Planning a romantic break to France's capital city? Between casual strolls along the Seine and stops to enjoy the many cultural offerings, make sure you indulge in some of the city's most delicious cuisine...
French food isn't all about haute cuisine and fine dining – some of the best food to be enjoyed in the French capital can be bought for a couple of euros from a humble boulangerie. We asked Paris-based food writer Clotide Dusoulier to walk us through her city's foodscape.
Don't leave Paris without trying...
It is safe to say that Paris is the place on Earth with the highest density of top-quality, artisanal baguettes. Each year a competition is held to elect the ‘Meilleure Baguette de Paris’, and the list of best-baguette awardees is a good resource to select your provider. Don’t forget to tear off the crusty, still-warm tip and nibble on it as you walk away, as any self-respecting Parisian does.
The epitome of the bistro dish, this simple pairing of a grilled steak with various optional sauces and chips is elevated to serious heights when the meat is well selected and carefully matured, and the potatoes are fresh, hand-cut and double-fried.
Try making your own… Steak and chips
Most brasseries and cafés in Paris offer non-stop service, and a staple of their menu is the croque-monsieur, an oozy and crisp grilled ham and cheese sandwich usually moistened by a touch of béchamel sauce. If you’re extra hungry, get the croque-madame, which adds a fried egg on top.
Try making your own… Croque-madame
4. Duck confit
Originally devised to preserve fresh duck meat for future consumption, the confit method consists of cooking duck thighs in their own fat, until the meat is spectacularly moist and fork-tender. Few Parisian bistros make their own, but they pride themselves in selecting the best producer, typically from the southwest of France, and serve them seared until the skin turns golden and crisp. The classic side is pommes sarladaises, heavenly garlicky potatoes sautéed in duck fat. (And duck fat is good for you, right?)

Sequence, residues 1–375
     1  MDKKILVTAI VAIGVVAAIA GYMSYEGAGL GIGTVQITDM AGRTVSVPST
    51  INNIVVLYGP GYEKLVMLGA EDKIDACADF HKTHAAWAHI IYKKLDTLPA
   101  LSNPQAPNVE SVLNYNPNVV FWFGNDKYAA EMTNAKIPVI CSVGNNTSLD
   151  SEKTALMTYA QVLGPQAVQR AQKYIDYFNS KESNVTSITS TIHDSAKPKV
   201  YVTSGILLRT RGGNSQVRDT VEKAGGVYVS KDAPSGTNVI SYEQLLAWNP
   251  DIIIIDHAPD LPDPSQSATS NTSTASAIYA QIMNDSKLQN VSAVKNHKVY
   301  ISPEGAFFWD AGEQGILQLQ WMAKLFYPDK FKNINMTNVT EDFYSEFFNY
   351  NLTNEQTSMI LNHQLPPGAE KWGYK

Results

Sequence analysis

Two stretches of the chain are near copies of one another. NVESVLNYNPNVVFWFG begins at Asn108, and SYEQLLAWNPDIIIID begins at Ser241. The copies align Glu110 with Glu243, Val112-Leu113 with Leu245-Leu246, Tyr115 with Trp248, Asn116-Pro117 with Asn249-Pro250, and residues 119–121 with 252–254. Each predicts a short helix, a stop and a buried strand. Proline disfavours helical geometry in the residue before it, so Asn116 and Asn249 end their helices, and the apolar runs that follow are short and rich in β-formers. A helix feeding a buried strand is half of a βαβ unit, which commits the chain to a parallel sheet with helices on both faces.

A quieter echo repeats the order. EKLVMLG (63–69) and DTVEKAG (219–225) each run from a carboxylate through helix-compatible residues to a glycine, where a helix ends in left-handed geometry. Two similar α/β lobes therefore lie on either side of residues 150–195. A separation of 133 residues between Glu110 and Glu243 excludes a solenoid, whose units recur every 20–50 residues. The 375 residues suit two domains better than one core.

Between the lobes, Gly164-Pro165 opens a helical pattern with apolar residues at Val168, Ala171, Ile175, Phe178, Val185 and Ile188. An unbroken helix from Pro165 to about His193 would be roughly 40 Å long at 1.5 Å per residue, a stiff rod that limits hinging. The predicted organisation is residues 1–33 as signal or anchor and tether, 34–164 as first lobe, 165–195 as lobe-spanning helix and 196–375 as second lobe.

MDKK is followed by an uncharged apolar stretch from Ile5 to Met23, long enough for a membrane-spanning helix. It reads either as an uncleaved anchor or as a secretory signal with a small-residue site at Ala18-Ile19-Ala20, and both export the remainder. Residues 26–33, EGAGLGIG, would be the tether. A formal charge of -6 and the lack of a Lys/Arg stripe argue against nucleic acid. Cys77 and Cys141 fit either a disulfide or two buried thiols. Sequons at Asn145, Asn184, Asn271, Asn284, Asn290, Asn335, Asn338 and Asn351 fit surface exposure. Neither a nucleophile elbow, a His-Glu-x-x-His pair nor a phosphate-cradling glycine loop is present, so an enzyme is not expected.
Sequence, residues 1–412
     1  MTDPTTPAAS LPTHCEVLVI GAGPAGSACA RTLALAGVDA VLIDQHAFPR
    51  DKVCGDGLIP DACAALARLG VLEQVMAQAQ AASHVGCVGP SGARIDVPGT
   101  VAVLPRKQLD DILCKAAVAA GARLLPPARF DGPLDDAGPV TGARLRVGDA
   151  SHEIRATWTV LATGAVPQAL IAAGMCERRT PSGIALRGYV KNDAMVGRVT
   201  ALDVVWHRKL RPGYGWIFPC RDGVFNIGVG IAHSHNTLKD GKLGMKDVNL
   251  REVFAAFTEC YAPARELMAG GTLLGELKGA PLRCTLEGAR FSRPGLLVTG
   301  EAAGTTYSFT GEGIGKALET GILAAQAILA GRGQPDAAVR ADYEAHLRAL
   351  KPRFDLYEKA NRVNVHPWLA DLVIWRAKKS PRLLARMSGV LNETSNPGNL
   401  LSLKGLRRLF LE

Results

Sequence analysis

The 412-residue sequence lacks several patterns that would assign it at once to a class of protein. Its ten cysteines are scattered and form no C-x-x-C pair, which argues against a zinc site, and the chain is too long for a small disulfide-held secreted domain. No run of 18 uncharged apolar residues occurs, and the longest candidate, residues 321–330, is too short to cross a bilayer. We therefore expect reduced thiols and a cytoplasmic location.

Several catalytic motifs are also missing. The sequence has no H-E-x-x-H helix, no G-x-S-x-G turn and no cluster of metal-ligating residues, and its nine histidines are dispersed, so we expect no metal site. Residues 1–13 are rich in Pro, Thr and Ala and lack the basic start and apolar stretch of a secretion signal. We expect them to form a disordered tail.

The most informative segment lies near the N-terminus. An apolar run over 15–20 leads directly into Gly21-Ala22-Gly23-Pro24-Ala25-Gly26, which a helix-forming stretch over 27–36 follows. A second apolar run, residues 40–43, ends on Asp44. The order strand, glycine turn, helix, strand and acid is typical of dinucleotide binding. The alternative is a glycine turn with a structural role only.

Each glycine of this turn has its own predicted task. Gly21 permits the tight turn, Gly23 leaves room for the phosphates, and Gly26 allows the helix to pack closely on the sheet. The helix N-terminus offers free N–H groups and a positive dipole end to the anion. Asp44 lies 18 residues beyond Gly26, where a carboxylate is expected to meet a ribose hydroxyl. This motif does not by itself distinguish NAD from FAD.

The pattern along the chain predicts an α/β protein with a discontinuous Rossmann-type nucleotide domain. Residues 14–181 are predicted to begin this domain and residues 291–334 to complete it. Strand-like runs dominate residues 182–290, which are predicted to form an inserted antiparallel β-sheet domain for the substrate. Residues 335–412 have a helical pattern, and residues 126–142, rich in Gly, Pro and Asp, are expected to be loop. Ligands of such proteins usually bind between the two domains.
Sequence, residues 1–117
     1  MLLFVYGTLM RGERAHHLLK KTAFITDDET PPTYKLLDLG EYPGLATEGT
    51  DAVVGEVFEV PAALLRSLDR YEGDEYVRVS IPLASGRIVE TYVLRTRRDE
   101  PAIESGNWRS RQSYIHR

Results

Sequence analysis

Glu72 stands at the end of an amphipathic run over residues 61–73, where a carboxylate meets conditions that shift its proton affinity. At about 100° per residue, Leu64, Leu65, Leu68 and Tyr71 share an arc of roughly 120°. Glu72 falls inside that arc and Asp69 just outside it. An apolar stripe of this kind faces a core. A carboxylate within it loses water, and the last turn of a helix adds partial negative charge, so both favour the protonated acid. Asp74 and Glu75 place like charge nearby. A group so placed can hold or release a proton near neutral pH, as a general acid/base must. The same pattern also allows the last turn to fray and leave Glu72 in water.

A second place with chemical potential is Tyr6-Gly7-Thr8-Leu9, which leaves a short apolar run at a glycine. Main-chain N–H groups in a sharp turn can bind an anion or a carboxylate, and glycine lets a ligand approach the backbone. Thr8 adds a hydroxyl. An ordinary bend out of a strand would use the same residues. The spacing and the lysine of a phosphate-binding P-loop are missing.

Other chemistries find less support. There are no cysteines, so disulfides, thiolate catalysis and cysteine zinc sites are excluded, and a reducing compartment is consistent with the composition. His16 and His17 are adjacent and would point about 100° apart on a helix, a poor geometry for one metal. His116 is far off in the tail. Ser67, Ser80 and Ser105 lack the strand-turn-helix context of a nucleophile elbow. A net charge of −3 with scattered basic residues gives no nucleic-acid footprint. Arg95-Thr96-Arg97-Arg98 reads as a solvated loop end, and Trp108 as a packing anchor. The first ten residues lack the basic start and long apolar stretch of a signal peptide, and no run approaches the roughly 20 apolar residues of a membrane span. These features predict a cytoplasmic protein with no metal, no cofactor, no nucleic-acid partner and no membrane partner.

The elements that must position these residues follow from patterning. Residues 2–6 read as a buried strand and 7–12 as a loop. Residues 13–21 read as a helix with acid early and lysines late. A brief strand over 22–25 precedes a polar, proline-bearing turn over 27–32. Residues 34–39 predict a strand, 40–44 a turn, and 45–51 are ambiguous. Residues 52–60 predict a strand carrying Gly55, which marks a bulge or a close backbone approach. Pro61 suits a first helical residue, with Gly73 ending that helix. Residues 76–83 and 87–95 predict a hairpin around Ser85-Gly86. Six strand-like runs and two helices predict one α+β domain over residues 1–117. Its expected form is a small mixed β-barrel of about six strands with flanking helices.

Try making your own… Confit duck
Like all city dwellers, Parisians often need to eat on the go, and the jambon-beurre is the most Parisian of sandwiches. You can buy it from corner bakeries or order it from the counter at most cafés; in both cases it will come as a fresh half-baguette, its insides smeared with cool butter and garnished with ‘jambon de Paris’, a pink-hued cooked ham, with optional cornichons.
6. Raw-milk artisanal cheeses
Paris is truly the gastronomic hub of France, and nowhere is it more apparent than in cheese shops, where you can buy the makings of a cheesy Tour de France and taste your way through each region’s stars, from the mildest to the sharpest. Always favour raw-milk cheeses (unless you have a compromised immunity) and ask the vendor what’s best right now, as the production of artisanal cheeses is a seasonal affair.
Walk past any bakery in the wee hours of the morning and you’ll be instantly spellbound by the warm buttery smell of fresh croissants escaping from the air vents at pavement level. This is your cue to step in and get your golden prize, which you can tuck into and savour on your morning walk as the city awakens. Sadly, fewer and fewer French bakeries make their croissants from scratch – they buy them frozen instead – so it’s worth asking to make sure your boulanger still engages in that noble, delicious craft.
Try making your own… Croissants
Named after a long-established bicycle race that sees competitors cycle from Paris to the tip of Brittany, this is among the best-sellers in Parisian pastry shops. The wheel-shaped choux pastry shell garnished with praline buttercream and sprinkled with caramelized almonds is guaranteed bliss for sweet lovers.
Try making your own… Mini white chocolate Paris-Brest
The delicate pastry, consisting of two almond meringue shells glued together with buttercream or ganache, has taken the world by storm but its birthplace is resolutely Paris. Available in all sorts of flavours and just as many colours, macarons are two-bite delights, but it is worth seeking them out from reputable pastry shops that actually make their own – many just hop on the bandwagon and sell factory-made ones that aren’t worth your time or dime – and go easy on the rainbow-style food colourings.
Try making your own… Macarons
10. Street-stand crêpes
Walking around Paris, you’ll see street stands selling crêpes everywhere. One of the few truly native street foods, the crêpe is indeed a lovely treat to indulge in when it’s time for an afternoon snack. Be sure to pick a stand that cooks crêpes to order (rather than reheating them from a pile cooked earlier), makes them thin (nothing worse than a gummy, undercooked crêpe) and is kept spotlessly clean. Though you may be tempted to try all kinds of stuffings, serious aficionados stick to the beurre-sucre (butter and sugar) for the true, unadulterated crêpe experience.
Try making your own… Crêpes
Clotilde Dusoulier is the French food writer behind Chocolate & Zucchini, a blog that’s all about the fresh, simple, and seasonal foods she cooks in her Paris kitchen.
Check out our ultimate foodie guide to Paris for more essential travel info.
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